Below are some guidelines for spec’ing new air conditioning systems and a few other concerns maintenance directors might want to take into consideration.
Heat and noise factors
Depending on the location of an agency, air conditioning units might require a stringent pull-down test or a more lenient test. In hotter areas, these tests will probably be more difficult for a unit to pass. SunLine’s Edwards uses a spec for an even warmer climate to make sure the units he receives are adequate for his area.
“We need to be able to cool a hot coach down in a reasonable amount of time,” he says. Just in case, SunLine’s maintenance team always assumes that the temperature will be higher than expected because of the variance in humidity. “Even though we don’t have as much humid weather, we do see a little higher ambience,” says Edwards. To be on the safe side, he over-specs his units by about 20% to cover any potential problem areas.
He also researches the capabilities of any system to make sure it will be appropriate for his buses. “We need to know the BTU factors, or the capabilities of the system. And we need to look at the fact that our area is going to need a more robust unit,” he says.
Because SunLine also operates alternative-fuel vehicles, Edwards must consider noise in addition to these factors. Drive systems of alternative-fuel vehicles are much quieter than buses that use diesel fuel and consequently must be equipped with operating systems that produce much less noise. “The air conditioning becomes more predominant as a noise factor,” he says.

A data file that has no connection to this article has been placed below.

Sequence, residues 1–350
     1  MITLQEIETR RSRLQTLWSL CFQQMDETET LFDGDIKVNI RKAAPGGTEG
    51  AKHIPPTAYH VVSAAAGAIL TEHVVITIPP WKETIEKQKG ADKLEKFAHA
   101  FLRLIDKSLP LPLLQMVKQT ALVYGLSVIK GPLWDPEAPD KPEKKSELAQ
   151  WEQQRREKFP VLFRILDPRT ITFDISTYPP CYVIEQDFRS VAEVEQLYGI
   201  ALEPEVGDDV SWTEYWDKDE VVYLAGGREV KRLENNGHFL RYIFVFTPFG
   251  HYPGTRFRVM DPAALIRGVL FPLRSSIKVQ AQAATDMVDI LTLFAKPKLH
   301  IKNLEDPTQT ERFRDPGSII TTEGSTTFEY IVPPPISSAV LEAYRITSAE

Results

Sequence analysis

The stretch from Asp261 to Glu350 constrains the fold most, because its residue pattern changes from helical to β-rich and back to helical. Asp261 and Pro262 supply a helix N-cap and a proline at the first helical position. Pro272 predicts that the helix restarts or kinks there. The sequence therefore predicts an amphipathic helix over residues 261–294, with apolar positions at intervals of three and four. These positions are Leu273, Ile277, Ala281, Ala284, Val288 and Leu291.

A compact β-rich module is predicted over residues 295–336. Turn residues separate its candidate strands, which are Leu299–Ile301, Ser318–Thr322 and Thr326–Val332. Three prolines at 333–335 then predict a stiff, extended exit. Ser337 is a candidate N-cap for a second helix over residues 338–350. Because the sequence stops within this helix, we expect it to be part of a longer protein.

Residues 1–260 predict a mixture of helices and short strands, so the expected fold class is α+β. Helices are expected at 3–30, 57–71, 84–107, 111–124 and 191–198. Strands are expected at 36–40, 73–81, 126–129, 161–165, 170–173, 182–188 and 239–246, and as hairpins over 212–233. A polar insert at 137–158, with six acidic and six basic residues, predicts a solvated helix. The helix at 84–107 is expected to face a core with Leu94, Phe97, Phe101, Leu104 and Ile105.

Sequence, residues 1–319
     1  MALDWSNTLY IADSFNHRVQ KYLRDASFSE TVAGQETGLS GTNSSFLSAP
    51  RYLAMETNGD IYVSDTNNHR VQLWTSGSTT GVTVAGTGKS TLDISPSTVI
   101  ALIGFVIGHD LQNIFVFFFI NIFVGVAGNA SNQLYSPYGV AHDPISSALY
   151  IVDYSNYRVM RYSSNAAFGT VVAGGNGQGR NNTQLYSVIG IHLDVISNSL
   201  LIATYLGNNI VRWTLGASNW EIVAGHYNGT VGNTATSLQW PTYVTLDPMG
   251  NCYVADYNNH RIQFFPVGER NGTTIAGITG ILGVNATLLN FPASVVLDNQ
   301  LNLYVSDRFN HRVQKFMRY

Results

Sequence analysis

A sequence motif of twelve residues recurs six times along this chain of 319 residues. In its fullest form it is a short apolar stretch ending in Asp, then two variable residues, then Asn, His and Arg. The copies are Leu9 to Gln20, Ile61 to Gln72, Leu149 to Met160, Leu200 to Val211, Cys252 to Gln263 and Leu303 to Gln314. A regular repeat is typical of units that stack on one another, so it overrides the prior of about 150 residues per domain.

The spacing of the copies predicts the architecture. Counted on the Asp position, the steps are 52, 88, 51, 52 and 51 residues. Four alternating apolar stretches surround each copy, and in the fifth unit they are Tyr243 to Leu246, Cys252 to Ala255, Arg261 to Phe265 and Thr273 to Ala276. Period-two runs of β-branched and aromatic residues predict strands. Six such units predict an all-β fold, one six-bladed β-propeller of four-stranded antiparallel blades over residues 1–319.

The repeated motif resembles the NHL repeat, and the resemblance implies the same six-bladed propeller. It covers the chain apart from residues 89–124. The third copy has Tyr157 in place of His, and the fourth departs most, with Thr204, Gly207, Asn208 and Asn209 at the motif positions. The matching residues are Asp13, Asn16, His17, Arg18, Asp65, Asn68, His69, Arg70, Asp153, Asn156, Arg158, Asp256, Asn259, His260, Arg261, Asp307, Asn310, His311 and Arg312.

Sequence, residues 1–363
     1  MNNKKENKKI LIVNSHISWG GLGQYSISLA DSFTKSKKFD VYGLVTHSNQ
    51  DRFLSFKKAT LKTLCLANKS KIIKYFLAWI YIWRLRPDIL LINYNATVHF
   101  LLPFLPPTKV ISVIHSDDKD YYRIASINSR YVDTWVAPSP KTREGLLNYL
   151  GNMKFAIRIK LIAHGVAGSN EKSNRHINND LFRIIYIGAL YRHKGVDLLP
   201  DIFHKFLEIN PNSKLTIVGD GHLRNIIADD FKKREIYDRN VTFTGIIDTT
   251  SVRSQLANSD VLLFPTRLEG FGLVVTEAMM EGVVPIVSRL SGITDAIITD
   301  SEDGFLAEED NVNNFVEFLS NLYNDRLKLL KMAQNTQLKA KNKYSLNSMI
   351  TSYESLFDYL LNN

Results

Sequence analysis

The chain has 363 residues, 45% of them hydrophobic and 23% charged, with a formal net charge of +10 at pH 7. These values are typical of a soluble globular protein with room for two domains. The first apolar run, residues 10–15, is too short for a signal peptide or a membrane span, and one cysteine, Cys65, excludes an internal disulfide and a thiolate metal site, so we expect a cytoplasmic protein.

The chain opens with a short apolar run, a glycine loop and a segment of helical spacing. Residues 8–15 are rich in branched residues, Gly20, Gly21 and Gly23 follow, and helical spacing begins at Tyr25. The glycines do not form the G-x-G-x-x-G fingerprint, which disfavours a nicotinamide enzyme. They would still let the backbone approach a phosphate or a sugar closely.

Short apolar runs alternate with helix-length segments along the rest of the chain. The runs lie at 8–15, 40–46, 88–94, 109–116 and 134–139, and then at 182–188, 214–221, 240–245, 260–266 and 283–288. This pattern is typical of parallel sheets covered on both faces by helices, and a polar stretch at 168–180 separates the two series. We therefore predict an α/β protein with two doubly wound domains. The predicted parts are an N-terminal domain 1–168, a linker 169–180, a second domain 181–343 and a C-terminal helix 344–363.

Another very important consideration when spec’ing new air conditioning units is the affect the systems will have on your operating costs, and more specifically, which systems will have lower lifecycle costs.
Many air conditioning systems require motor brushes for their condensers and evaporators, which can wear out quickly if the unit spends most of its time running. Edwards and his maintenance staff do quarterly preventive maintenance to check the wear and tear on the motor and evaporator brushes, as opposed to annual or semi-annual maintenance.
On the other side of the coin, LYNX’s Cheney feels that taking the dive and spending more on brushless motors when the unit is first purchased will save costs in the long run. “The initial cost of a brushless motor is higher, but the frequency of the required maintenance is lower, resulting in a lower lifecycle cost,” Cheney says. In addition to brushless motors, LYNX also specifies that its compressors be set on “Reheat” instead of “Cycling Clutch” to reduce maintenance on the compressor and save even more in operating costs.